Writers are, on the whole, horrible people. They borrow money with no intention of paying it back, are insanely jealous, and always ask you to read their stuff yet bristle when you don’t tell them every word is genius. Why would you want to pay one of these lecherous creatures good money — he’ll just spend it on absinthe, anyway — to write for your website?
Thankfully, you don’t have to. Keep the following rules in mind, and you can create compelling content for your site that whips visitors into a frenzy and puts your best foot forward, all while eliminating the ugly middleman.
Here’s how to do it, using a fictitious 24-hour laundromat business as an example.
Rule #1: Don’t bury the lead!
Your audience has an average attention span of a goldfish. A sad but true state of affairs. Prioritizing your messaging means not wasting the user’s time or your precious website real estate with superfluous content fluff. And while you can’t wait to tell your website visitors how you first became fascinated with dirty clothes as a child, zooming down the laundry chute at your grandmother’s house, that reminiscence doesn’t belong anywhere except buried on your “About Us” page.
Most visitors are going to arrive at your site on the Home page, which should shout out your main business differentiator, that thing that makes you devastatingly better than the competition. For your laundromat, suppose it’s the fact that, instead of rigging your dryers to always leave clothes slightly damp, yours are powerful enough to dry a wet wooly mammoth. That’s what you need to communicate in no uncertain terms on your Home page.
Rule #2: Give ‘em benefits
A common mistake people make when writing website copy is focusing only on features of their product or service. While features are important, they only tap into the logical part of your reader’s brain. When your content paints a picture of how those features ultimately become benefits is when your audience starts to get emotionally involved.
Back to your laundromat and your non-tampered-with dryers. The feature of your dryers is that they get clothes nice and crispy in but a single pass. But that’s not the benefit to your customers. The benefit is what not having to endure multiple dryer cycles means to them, whether it’s squirreling away some extra coin or simply reveling in newfound free time. Don’t just say why your laundromat is awesome. Take it one step further and explain why that awesomeness translates into something tangibly great for your customers.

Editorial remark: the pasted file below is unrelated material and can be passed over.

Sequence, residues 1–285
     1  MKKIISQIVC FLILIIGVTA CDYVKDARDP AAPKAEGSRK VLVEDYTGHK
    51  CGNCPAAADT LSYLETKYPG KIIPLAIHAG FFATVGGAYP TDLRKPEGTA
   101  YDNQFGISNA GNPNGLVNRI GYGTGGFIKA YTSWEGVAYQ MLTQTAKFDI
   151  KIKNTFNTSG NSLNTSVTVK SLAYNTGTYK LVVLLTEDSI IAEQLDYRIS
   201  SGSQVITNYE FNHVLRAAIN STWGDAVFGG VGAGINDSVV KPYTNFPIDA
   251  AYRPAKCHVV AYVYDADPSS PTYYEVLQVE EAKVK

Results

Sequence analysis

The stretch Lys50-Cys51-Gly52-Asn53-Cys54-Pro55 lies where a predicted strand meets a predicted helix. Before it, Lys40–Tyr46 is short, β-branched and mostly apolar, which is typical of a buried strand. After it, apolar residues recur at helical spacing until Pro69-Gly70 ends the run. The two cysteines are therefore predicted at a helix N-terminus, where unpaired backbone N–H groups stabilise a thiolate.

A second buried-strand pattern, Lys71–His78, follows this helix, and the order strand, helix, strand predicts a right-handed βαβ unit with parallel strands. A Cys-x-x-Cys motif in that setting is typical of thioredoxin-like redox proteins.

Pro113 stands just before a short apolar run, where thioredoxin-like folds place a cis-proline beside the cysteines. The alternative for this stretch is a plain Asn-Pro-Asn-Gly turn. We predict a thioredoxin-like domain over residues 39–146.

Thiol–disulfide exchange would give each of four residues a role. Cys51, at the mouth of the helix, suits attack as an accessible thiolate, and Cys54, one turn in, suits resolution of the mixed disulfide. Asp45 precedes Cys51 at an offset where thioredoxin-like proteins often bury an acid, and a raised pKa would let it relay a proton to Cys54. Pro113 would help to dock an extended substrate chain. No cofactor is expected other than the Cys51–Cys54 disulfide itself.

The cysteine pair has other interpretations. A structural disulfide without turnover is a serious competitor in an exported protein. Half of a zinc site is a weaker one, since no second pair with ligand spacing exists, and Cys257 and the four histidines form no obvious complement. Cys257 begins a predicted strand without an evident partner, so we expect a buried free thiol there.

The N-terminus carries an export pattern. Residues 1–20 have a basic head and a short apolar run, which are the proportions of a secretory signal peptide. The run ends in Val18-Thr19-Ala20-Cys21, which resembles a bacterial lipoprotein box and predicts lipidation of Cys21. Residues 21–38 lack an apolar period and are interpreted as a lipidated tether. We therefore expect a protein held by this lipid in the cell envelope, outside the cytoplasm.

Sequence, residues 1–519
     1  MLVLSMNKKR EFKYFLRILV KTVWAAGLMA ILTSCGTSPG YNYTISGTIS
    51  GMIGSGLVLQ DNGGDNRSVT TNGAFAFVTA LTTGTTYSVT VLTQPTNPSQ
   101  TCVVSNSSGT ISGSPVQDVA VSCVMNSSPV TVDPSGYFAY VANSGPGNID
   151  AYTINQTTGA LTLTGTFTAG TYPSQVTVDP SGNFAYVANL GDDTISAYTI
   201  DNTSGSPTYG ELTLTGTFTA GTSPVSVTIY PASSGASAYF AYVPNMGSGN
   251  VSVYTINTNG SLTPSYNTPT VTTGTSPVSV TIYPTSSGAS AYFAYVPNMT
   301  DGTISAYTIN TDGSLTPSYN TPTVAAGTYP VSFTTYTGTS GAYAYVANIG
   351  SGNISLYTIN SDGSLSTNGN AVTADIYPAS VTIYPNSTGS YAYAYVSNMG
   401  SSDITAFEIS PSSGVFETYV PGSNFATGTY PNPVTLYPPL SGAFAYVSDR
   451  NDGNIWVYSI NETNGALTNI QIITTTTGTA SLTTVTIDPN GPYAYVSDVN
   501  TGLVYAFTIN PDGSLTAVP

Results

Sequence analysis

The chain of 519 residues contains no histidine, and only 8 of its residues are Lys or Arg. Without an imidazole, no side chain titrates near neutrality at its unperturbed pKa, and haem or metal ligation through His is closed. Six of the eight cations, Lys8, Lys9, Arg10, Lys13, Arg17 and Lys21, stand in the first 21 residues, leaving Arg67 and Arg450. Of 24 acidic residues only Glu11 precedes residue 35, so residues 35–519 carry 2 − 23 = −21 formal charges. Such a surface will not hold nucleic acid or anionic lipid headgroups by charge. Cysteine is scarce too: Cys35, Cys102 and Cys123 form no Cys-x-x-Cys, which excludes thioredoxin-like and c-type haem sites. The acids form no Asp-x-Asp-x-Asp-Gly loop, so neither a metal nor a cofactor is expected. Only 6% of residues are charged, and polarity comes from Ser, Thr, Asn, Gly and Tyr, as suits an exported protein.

Rule #3: Break things up
The Web is a different beast for readers. They don’t want to wrap themselves up in your prose and drift off into exposition land. No, they want information, pronto. And they scan, always searching for the relevant bits so they can make that critical decision of whether to stay on your website or just bail and watch Netflix®.
Your job is to keep things interesting enough for visitors to stick around. Do that by breaking your content into chunks. Use short, pithy headlines. Don’t’ say, “Our dryers are better than our competitors’ because they actually dry your clothes.” Instead, say, “Our dryers can dry a wet wooly mammoth.” Bulleted lists work best for communicating features and benefits in a scannable format, like this:
- Go live your life, thanks to our new drop-off service.
- Help save the planet with our new, energy-efficient washers.
- Catch up on your cable TV viewing in our clean and comfy laundry lounge.
In short, structure your content so that a reader’s eyes are pulled across and down the page. Scanning eyes like diversity, so give it to ‘em.
Rule #4: Have fun with it
Content is a great vehicle for injecting personality. If you’re a clever sort, you can even mix in some mirth. Just keep it appropriate for your business and don’t go overboard. For your laundromat’s new VIP service, you might write something like, “We’ll wash your clothes when you become too important to do it yourself.” Use your best judgment. If you lack good judgment, don’t roll the comedy dice.
Bringing it together
When you think your content is ready for prime time, read it aloud. Doing this tells you whether you’ve written in a nice conversational style (you want this), or a robot-like style (terrible, horrible). Once your copy is as good as you can make it, have an honest friend — one who’ll say your rear end does, indeed, look fat in those jeans — take their red editing pen to it. Finally, spellcheck the entire thing before it goes live.
That’s it. Simple, right? The ball’s now in your court. With these rules in mind, go out there and write your own high-quality, compelling website content. Just stay off the absinthe.